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Claims of Equivalence in Medical Research: Are They Supported by the Evidence?

William L. Greene, MD; John Concato, MD, MPH; and Alvan R. Feinstein, MD
[+] Article, Author, and Disclosure Information

From Yale University School of Medicine, New Haven, Connecticut; and West Haven Veterans Affairs Medical Center, Veterans Affairs Connecticut Healthcare System, West Haven, Connecticut.

Grant Support: Dr. Greene was a Robert Wood Johnson Clinical Scholar at Yale University School of Medicine at the time this work was done. Dr. Concato is supported by a Career Development Award from the Veterans Affairs Health Services Research and Development Service.

Requests for Single Reprints: William L. Greene, MD, Medical Affairs Department, Genentech, Inc., Mailstop 84, 1 DNA Way, South San Francisco, CA 94080; e-mail, wgreene@gene.com.

Requests To Purchase Bulk Reprints (minimum, 100 copies): the Reprints Coordinator; phone, 215-351-2657; e-mail, reprints@mail.acponline.org.

Current Author Addresses: Dr. Greene: Medical Affairs Department, Genentech, Inc., Mailstop 84, 1 DNA Way, South San Francisco, CA 94080.

Drs. Concato and Feinstein: Robert Wood Johnson Clinical Scholars Program, Yale University School of Medicine, 333 Cedar Street, SHM IE-61, New Haven, CT 06510.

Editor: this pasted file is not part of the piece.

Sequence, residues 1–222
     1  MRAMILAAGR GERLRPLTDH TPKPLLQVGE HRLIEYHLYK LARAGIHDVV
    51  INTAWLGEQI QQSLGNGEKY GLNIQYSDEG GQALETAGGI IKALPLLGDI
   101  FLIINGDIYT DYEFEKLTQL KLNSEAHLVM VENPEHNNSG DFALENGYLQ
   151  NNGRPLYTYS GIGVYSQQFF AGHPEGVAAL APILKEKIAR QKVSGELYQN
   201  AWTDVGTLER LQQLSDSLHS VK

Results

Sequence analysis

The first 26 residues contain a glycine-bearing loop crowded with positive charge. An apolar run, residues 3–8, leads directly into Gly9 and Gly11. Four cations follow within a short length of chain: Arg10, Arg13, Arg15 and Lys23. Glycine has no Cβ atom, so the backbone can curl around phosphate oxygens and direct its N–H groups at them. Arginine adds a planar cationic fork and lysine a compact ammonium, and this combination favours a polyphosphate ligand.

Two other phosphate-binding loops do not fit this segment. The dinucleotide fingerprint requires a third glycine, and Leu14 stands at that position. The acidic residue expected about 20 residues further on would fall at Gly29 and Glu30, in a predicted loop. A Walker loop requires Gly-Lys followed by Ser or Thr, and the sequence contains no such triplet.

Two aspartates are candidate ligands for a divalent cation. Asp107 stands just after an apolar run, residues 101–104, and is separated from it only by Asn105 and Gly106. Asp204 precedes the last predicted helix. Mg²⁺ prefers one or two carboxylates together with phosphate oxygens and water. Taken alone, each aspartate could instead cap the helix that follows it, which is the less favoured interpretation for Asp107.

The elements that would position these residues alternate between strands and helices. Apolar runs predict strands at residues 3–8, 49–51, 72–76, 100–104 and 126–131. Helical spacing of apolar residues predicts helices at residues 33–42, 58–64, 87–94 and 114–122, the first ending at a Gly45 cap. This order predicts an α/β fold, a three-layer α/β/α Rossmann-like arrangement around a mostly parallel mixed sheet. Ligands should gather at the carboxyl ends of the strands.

Ann Intern Med. 2000;132(9):715-722. doi:10.7326/0003-4819-132-9-200005020-00006
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Background: Most clinical studies are done to show comparative superiority, but many reports now claim equivalence between the investigated entities. These assertions may not always be supported by the methods used and the results obtained.

Purpose: To assess the justification and support for claims of clinical or therapeutic equivalence in medical journals.

Data Sources: A search of MEDLINE for articles published from 1992 through 1996.

Study Selection: From 1209 citations that contained the word equivalence in the title or abstract or contained the Medical Subject Heading therapeutic equivalency, we excluded 1121 studies reporting nonoriginal research, purely laboratory or other nonhuman research, and studies in which equivalence was not the main claim. The remaining 88 eligible papers were evaluated for five methodologic attributes.

Data Synthesis: Only 45 (51%) of the 88 reports were specifically aimed at studying equivalence; the others either tried to show superiority or did not state a research aim. The quantitative distinctions regarded as “equivalent” ranged from 0% to 21% for direct increments and from 0% to 76% for proportionate differences. An equivalence boundary was set and confirmed with an appropriate statistical test in only 23% of reports. In 67% of reports, equivalence was declared after a failed test for comparative superiority, and in 10%, the claim of equivalence was not statistically evaluated. The sample size needed to confirm results had been calculated in advance for only 33% of reports. Sample size was 20 patients per group or fewer in 25% of reports.

Conclusions: Many studies of clinical equivalence do not set boundaries for equivalence. Claims of “difference” or “similarity” are often made not by thoughtful examination of the data but by tests of statistical significance that are often misapplied or accompanied by inadequate sample sizes. These methodologic flaws can lead to false claims, inconsistencies, and harm to patients.





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